“It is dangerous to explain too clearly to man how like he is to the animals without pointing out his greatness. It is also dangerous to make too much of his greatness without his vileness. It is still more dangerous to leave him in ignorance of both, but it is most valuable to represent both to him. Man must not be allowed to believe that he is equal either to animals or to angels, nor to be unaware of either, but he must know both.”

Pascal, Pensees, 121.

“‘Man is not like a balloon, floating free in the sky, nor like a mole, burrowing in the earth, but like a tree, with its roots firmly planted in the earth and its branches reaching up to the heavens.'”

Chesterton, quoted in Kreeft, Christianity, 52

Knowing our place in the creative order is super important. The Bible presents humans as being created below the angels and above the animals.

The Fall–the rebellion in the Garden of Eden–is presented as a coup d’etat. A rebel angel comes down, takes the form of an animal (a snake), and tempts the humans to be like God. No one is where they belong. Chaos ensues.

Worldviews that claim that humans are merely advanced animals are too simple. Worldviews that argue that we are pure spirits trapped in human bodies are too simple.

We are embodied souls. We are soulified bodies. We are image bearers of God and glorious. But we are also rebels who have distorted the image, and regularly degrade our own dignity and that of those around us.

Christianity proclaims a seeming paradox: That we are, at the same time, worse than we thought, yet more glorious than we could ever imagine. Oxymorons. Contradictions. Glorious Wretches. Wretched Glories.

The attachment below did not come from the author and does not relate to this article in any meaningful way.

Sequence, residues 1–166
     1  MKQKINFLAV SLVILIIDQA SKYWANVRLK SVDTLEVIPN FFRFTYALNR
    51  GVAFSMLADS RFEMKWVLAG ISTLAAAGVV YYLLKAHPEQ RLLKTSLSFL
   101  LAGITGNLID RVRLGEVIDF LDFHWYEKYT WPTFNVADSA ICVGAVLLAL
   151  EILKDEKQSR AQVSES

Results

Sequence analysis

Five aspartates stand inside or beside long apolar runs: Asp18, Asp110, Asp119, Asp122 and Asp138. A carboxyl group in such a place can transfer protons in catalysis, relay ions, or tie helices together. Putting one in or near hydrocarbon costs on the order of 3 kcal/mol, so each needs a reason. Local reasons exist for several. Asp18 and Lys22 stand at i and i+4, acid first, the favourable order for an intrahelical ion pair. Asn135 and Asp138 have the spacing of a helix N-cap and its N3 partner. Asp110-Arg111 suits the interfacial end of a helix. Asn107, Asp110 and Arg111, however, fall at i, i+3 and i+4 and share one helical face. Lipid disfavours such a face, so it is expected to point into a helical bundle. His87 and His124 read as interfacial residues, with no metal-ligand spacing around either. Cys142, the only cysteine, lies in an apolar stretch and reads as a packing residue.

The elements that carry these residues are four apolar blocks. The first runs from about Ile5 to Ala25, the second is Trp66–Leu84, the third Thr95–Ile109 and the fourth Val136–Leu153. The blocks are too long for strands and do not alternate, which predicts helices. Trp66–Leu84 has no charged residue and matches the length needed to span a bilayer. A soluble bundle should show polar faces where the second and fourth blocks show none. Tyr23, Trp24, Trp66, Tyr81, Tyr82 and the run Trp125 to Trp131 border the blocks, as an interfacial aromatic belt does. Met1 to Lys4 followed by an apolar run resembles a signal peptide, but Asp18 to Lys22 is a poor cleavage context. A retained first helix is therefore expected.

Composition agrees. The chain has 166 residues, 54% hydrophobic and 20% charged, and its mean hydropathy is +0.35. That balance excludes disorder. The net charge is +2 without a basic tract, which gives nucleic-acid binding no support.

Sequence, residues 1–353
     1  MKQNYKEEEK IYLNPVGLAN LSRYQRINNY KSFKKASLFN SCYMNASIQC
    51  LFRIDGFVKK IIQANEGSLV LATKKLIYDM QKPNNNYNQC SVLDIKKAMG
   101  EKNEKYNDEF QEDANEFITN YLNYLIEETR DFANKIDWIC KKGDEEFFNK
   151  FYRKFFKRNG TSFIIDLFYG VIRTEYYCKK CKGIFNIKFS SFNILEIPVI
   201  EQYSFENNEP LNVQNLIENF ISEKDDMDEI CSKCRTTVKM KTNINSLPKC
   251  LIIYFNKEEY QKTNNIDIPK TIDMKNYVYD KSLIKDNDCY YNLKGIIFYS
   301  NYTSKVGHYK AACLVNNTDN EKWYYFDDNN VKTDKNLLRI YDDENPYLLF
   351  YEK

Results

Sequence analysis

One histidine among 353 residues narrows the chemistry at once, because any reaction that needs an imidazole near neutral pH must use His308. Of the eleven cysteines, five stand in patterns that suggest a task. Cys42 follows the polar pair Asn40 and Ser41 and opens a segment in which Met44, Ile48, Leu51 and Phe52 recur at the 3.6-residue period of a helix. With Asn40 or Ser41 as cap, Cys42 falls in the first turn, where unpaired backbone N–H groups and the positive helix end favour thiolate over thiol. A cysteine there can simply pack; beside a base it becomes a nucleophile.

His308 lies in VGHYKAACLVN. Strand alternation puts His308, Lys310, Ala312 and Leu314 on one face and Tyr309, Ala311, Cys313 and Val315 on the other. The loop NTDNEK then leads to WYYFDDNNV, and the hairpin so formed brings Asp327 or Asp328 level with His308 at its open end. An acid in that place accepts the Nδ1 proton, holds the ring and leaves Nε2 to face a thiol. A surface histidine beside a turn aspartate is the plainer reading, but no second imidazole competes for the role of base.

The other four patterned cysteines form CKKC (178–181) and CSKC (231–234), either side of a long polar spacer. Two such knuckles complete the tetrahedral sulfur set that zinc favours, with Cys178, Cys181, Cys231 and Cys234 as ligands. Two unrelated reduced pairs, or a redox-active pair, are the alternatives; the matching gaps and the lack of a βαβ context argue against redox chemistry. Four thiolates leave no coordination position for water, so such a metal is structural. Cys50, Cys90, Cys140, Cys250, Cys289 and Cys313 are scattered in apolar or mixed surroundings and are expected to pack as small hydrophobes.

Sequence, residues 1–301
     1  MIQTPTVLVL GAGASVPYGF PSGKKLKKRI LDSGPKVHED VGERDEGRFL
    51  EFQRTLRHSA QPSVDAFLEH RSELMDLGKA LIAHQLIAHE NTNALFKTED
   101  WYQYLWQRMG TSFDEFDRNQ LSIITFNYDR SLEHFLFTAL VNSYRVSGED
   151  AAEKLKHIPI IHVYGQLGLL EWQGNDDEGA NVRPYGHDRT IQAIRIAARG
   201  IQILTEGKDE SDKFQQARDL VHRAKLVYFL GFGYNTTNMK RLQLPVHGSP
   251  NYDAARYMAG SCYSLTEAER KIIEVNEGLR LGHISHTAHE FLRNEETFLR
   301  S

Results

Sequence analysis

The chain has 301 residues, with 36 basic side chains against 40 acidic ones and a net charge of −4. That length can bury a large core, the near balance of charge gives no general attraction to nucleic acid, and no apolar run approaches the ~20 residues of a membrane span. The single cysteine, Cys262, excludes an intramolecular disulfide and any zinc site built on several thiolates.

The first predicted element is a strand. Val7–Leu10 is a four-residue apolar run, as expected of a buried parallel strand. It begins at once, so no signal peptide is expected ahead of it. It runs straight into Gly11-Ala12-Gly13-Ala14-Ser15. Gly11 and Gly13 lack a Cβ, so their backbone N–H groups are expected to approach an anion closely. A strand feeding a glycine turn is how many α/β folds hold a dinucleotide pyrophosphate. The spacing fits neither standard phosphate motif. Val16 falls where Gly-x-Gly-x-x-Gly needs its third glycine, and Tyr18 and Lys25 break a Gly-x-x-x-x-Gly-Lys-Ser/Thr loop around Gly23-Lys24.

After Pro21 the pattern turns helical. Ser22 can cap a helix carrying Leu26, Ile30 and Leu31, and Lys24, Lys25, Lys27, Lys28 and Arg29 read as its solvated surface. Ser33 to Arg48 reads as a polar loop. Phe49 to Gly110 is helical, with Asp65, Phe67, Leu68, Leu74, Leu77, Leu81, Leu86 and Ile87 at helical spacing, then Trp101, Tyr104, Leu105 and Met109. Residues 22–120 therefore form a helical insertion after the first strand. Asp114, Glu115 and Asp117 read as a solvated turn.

This paradox is resolved in the Good News (The Gospel): That a perfect God/Man, Jesus Christ came to earth 2000 years ago; through his life, death, and resurrection, he takes our wretchedness on himself, kills it, and then gives us His perfection in return. He promises this to us as a free gift to be accepted by faith.

It’s tremendously liberating!

On the one hand, we can be honest about the fact of the evil that dwells within us. We don’t have to pretend to ourselves and others that we are perfect against so much contrary evidence. We are free to say, “I was wrong. Please forgive me. Let’s be friends.”

And on the other hand, we don’t have to live in fear and shame without hope. We don’t have to lie about the beauty we see within ourselves–and the beauty we experience in others. Because that’s all reflective of God. We are free to say, “You’re beautiful, your work is transcendent. I see God in you. Let’s be friends.”